Some media estimate the death toll at 2000, with churches burned.
YOLA, Nigeria — While the world’s attention has been focused on the massacre of journalists in Paris who satirized Islam, a far more deadly attack took place in Nigeria, part of an ongoing war being waged by the Islamist group Boko Haram.
Some media outlets have put the death toll at 2000.
Several churches have been burned in the latest series of attacks committed by Boko Haram in the city of Baga and in the surrounding villages, in Nigeria’s Borno state.
Father Patrick Tor Alumuku, director of social communications of the Archdiocese of Abuja, the capital of Nigeria, told Fides News Agency that the Christian Association of Nigeria, an ecumenical organization, confirmed that Boko Haram had burned several churches and "caused numerous victims."
The Boko Haram group attacked Baga town on Wednesday, where in recent days it had conquered the multinational military Task Force base in charge of ensuring the safety of the area.
"When those of Boko Haram arrive in a major city they make no distinction between Christians and Muslims, and the population flees, without distinction of religion," said Father Alumuku. "Boko Haram separates Muslims from Christians only in the smaller villages. Next to the combatants from Nigeria, Boko Haram has been strengthened by jihadist members from Libya and Mali. Their goal is to create a caliphate in northern Nigeria."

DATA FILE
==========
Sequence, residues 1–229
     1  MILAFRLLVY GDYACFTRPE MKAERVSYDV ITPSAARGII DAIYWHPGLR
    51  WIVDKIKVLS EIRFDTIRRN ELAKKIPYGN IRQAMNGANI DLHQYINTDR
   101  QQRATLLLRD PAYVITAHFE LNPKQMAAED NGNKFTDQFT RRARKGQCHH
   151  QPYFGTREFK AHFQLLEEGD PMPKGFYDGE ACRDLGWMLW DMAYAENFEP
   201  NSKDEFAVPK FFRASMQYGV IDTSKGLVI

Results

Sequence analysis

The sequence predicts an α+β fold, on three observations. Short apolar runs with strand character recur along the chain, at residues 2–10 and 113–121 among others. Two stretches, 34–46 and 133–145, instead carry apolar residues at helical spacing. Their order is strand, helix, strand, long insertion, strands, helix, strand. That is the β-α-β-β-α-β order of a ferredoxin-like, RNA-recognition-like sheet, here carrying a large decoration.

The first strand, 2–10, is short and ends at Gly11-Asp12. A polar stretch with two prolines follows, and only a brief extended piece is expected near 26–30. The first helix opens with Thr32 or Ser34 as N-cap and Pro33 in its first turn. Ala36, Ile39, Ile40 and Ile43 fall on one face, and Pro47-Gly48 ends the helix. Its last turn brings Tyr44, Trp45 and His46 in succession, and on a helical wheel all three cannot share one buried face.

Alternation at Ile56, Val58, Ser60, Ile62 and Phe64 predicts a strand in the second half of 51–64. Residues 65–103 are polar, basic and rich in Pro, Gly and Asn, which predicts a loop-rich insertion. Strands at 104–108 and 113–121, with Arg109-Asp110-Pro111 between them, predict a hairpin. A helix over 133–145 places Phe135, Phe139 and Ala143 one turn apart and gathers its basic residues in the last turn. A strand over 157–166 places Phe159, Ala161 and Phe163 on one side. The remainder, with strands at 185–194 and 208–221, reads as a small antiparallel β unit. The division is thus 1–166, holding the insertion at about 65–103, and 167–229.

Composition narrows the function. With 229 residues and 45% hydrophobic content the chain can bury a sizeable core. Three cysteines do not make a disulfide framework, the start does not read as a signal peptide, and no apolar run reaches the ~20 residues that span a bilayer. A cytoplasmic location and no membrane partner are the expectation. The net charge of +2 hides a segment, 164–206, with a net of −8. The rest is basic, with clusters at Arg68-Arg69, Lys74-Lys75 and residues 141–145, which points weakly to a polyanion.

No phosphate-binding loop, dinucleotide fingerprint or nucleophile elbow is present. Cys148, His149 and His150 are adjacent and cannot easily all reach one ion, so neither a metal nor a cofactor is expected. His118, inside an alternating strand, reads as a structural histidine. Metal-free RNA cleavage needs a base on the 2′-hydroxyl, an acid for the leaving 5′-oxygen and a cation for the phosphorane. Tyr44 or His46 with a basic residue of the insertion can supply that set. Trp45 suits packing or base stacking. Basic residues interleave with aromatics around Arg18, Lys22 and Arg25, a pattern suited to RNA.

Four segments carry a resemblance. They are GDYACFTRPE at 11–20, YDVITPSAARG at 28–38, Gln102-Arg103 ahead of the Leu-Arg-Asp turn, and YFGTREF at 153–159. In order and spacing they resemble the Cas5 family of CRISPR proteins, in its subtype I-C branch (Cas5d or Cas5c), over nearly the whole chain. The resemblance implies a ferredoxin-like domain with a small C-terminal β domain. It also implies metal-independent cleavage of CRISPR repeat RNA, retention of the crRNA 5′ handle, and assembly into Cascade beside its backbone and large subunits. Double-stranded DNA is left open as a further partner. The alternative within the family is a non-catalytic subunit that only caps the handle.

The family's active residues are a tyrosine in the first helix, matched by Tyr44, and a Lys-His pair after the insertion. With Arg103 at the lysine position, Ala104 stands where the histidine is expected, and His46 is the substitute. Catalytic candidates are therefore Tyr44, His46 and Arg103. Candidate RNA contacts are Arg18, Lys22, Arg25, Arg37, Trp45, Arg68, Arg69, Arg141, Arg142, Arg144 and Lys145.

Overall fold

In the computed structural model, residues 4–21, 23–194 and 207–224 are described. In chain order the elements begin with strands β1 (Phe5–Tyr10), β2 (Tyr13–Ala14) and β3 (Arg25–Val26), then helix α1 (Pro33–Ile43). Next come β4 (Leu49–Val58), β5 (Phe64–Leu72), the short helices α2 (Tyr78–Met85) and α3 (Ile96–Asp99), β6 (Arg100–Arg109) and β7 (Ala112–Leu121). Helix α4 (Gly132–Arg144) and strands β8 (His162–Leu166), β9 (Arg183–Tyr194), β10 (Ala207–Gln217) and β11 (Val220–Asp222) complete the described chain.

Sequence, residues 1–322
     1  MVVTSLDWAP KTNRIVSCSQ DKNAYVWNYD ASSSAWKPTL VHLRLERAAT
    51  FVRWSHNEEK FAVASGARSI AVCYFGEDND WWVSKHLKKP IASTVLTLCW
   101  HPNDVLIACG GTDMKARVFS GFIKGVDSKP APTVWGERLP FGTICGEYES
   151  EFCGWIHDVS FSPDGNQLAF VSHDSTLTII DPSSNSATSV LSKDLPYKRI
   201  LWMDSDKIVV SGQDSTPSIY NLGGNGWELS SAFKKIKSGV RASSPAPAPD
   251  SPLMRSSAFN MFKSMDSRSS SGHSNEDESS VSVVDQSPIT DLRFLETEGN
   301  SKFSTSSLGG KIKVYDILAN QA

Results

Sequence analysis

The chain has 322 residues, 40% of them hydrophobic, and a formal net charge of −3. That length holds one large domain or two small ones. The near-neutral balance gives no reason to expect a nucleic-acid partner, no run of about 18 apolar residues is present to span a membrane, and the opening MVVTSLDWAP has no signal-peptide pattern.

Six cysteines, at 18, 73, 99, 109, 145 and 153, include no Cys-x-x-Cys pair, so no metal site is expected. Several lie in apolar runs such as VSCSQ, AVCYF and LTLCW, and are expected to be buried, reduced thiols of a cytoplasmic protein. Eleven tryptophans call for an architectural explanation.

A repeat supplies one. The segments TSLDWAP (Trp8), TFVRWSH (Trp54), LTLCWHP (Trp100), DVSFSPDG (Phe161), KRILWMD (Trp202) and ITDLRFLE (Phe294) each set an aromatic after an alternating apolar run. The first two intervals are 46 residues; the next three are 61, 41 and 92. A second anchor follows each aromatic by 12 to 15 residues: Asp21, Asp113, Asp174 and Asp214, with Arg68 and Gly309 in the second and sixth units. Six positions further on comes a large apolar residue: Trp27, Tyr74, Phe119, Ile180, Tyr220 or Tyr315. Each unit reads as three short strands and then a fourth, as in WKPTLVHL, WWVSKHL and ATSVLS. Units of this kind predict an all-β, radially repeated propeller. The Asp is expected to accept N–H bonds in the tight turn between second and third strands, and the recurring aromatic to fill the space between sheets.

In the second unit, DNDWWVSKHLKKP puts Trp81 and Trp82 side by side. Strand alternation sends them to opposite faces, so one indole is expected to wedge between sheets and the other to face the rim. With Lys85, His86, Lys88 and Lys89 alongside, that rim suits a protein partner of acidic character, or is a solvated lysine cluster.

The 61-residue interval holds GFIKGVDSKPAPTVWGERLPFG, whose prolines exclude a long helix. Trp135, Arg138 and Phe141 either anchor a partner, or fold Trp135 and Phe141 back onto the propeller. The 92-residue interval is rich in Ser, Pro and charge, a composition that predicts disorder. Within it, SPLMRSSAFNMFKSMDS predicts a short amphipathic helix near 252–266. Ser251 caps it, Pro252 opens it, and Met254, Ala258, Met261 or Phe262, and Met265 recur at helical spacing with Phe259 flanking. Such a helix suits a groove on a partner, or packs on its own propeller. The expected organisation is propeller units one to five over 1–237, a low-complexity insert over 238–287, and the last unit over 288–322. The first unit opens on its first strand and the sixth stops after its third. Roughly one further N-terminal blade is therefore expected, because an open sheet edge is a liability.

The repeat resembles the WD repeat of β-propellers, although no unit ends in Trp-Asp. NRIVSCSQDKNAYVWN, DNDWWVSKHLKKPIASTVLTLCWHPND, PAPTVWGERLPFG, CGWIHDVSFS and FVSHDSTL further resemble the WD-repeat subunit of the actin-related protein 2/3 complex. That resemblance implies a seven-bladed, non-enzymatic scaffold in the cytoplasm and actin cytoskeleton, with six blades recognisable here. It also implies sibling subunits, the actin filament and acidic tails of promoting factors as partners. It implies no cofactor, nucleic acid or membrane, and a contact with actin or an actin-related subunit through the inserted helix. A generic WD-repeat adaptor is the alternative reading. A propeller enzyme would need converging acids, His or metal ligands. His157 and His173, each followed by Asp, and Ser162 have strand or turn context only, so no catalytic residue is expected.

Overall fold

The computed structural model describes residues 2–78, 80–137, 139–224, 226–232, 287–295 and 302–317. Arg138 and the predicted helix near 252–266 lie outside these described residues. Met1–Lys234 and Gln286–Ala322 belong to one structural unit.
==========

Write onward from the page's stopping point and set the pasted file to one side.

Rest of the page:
Amnesty International suggested today that the attack was the "deadliest massacre" in the history of Boko Haram.
District head Baba Abba Hassan said most victims are children, women and elderly people who could not run fast enough when insurgents drove into Baga, firing rocket-propelled grenades and assault rifles on town residents, the Associated Press reported.
The five-year insurgency killed more than 10,000 people last year alone, according to the Washington-based Council on Foreign Relations. More than a million people are displaced inside Nigeria and hundreds of thousands have fled across its borders into Chad, Cameroon and Nigeria.
Suleiman Dauda, 12, said he ran into the bushes with neighbors when extremists attacked his village, Askira Uba, near Yola last year.
"I saw them kill my father, they slaughtered him like a ram. And up until now I don’t know where my mother is," he told AP at Daware refugee camp in Yola.